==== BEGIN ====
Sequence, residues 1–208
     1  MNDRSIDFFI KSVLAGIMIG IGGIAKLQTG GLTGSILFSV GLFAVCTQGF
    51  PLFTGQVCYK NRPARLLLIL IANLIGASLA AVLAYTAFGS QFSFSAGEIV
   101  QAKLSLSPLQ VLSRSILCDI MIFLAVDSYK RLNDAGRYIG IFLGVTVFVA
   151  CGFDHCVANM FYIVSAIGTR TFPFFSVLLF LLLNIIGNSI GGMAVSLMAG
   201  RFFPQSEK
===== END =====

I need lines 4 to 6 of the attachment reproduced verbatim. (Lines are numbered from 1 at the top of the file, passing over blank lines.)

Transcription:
   101  QAKLSLSPLQ VLSRSILCDI MIFLAVDSYK RLNDAGRYIG IFLGVTVFVA
   151  CGFDHCVANM FYIVSAIGTR TFPFFSVLLF LLLNIIGNSI GGMAVSLMAG
   201  RFFPQSEK